Mike Flynn calls Sydney, Australia, home. When he’s not there, he lives in Bali, Indonesia, which is where he is now.
The photographer is headed out this week, coming to run the Kauai half marathon on Sunday.
Now, he’s not incredibly fast, so he won’t be competing for first place.
He’s not one of those trying to run a marathon in every state.
Nor is he one of those who runs daily.
So why in the world is he flying more than 6,000 miles to be here for this 13.1-mile race, which will be his longest?
Not his. But one that’s near and dear to his heart, and near and dear to his mother’s heart, as well, who will be here to cheer him on.
The 37-year-old Flynn is running to raise money for Homicide Victims’ Support Group in Australia, where his mother, Randi Leighton, is a trauma counselor and where he has seen its benefits.
“Among the most traumatized when a loved one is lost through murder are children and young adults,” Flynn wrote. “Experience has shown us children of homicide require stronger and more direct support.”
His fundraising efforts will go toward construction of Grace’s Place, the world’s first residential trauma recovery center, which will provide support, therapeutic programs and learning skills on how to survive the trauma of losing a loved one.
It will be a place where children, young adults and their families can share experiences, receive counseling and learn new life skills on how to survive without their loved one.
While the project is receiving some government funding, it relies on people like Flynn to raise awareness and money and make “a huge difference in the lives of those affected by homicide.”
It’s imperative to do what we can to make the world around us better, Flynn said.
“We get caught up in our own personal lives,” he said in a phone interview with TGI. “It’s good to stop every now and then and give back to people.”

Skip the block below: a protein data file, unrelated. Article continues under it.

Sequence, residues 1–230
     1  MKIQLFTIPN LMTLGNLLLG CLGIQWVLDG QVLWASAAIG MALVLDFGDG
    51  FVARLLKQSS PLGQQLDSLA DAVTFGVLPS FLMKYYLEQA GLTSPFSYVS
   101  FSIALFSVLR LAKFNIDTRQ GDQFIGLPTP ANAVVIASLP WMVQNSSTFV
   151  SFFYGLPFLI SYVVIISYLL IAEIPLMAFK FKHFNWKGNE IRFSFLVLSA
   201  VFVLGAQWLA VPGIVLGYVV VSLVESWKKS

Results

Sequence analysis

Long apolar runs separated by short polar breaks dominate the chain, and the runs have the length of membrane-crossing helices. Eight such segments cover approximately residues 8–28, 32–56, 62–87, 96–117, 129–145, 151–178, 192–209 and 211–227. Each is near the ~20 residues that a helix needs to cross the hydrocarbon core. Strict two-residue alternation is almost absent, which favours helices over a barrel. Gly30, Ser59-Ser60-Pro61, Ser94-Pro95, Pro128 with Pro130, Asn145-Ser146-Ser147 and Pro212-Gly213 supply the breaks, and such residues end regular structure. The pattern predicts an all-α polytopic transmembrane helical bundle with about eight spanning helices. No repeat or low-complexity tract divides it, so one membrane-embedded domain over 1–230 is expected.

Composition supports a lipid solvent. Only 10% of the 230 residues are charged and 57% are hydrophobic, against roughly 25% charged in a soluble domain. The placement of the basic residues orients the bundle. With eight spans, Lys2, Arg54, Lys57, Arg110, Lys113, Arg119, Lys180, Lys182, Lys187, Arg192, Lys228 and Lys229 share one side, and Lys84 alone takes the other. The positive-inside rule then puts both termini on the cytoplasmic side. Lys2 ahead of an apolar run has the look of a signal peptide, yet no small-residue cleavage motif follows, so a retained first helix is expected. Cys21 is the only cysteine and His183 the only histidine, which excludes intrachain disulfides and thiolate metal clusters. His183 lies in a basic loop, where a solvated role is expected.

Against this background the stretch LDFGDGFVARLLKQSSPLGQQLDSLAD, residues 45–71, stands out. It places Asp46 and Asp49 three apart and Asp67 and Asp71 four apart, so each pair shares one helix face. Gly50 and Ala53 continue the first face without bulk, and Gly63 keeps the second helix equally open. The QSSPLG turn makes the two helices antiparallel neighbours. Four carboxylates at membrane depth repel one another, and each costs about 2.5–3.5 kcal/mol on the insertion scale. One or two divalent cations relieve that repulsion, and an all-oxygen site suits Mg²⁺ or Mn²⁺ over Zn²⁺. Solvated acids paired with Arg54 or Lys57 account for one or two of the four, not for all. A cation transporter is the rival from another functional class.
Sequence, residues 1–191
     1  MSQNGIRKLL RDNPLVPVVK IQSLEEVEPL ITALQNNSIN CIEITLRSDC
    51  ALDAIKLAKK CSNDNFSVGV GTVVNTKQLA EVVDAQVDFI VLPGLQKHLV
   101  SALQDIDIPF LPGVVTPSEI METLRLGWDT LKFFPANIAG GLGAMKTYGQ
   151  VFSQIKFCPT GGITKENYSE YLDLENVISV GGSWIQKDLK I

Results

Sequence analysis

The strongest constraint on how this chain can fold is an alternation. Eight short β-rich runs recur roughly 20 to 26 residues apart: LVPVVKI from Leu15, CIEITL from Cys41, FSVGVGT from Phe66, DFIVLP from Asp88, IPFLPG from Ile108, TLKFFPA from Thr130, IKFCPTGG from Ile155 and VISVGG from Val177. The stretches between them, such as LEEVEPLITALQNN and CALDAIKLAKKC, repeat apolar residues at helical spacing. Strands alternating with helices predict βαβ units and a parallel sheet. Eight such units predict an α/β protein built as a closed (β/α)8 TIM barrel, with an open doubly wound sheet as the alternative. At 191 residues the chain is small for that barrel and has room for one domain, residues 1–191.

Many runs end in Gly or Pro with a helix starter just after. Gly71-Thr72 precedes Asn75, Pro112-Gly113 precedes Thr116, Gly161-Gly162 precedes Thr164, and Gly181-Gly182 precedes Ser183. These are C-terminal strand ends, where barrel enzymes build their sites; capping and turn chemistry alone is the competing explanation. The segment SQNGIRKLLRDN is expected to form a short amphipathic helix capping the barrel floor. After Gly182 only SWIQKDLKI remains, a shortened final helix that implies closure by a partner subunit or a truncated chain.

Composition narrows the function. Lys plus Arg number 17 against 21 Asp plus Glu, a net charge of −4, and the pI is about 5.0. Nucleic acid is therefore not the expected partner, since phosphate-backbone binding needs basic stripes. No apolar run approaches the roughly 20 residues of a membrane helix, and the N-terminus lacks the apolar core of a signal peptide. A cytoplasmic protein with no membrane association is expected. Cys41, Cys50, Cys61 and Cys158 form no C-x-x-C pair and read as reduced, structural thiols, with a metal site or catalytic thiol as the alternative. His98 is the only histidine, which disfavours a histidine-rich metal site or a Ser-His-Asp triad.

Flynn has long been an advocate for charities. As an event’s manager, he planned fundraisers. And he’s produced videos to support them. He’s organized and attended charity dinners. He’s volunteered with Redkite, an Australian cancer charity. The list of all the organizations he’s contributed to is long.
“When I look back on my life, I’ve been raising money wherever I could,” he said. “I have seen the emotional effect of having that support from people.”
Opportunities keep arising.
Now, he’s running for Grace’s Place.
“Normally I’m not a big runner,” he said. “I really haven’t done a lot of running.”
But when he does run, he loves it, especially when he’s traveling and visiting new places, which is often. It’s the best way to see sights, meet people and get to know more than you would otherwise, he said.
“I think it’s a fantastic way to engage with an environment and the culture when you are in the world,” he said. “When I’m traveling, I love to bring my running shoes with me and I will go off in the morning and I will go for the run to see how the world is waking up, wherever I am in the world.”
If you’re in a rental car or a bus or taxi, you’re separated from the very place you came to experience, Flynn said. You’re seeing it through a window.
Moving through life in places, on the run, provides that personal connection a photographer wants and needs, he said.
When you really take time to learn about the places you visit, you will find, Flynn said, that “the community around you is something special.”
This will be his and his mother’s first time on Kauai and it’s a trip they’re anxious to take.
“We’re looking forward to a wonderful time,” he said.
That includes Sunday’s race. He’s been training about eight weeks for the half marathon.
His mom will be there, cheering for her son.
And Flynn will be doing more than running. He’ll be watching, absorbing, sensing and coming to know what he can of Kauai.
And you can bet, he’ll return, camera in hand, to capture it through the lens.
“It looks awesome,” he said.
To help Flynn’s fundraising efforts, go to: give.everydayhero.com/au/grace-s-place-3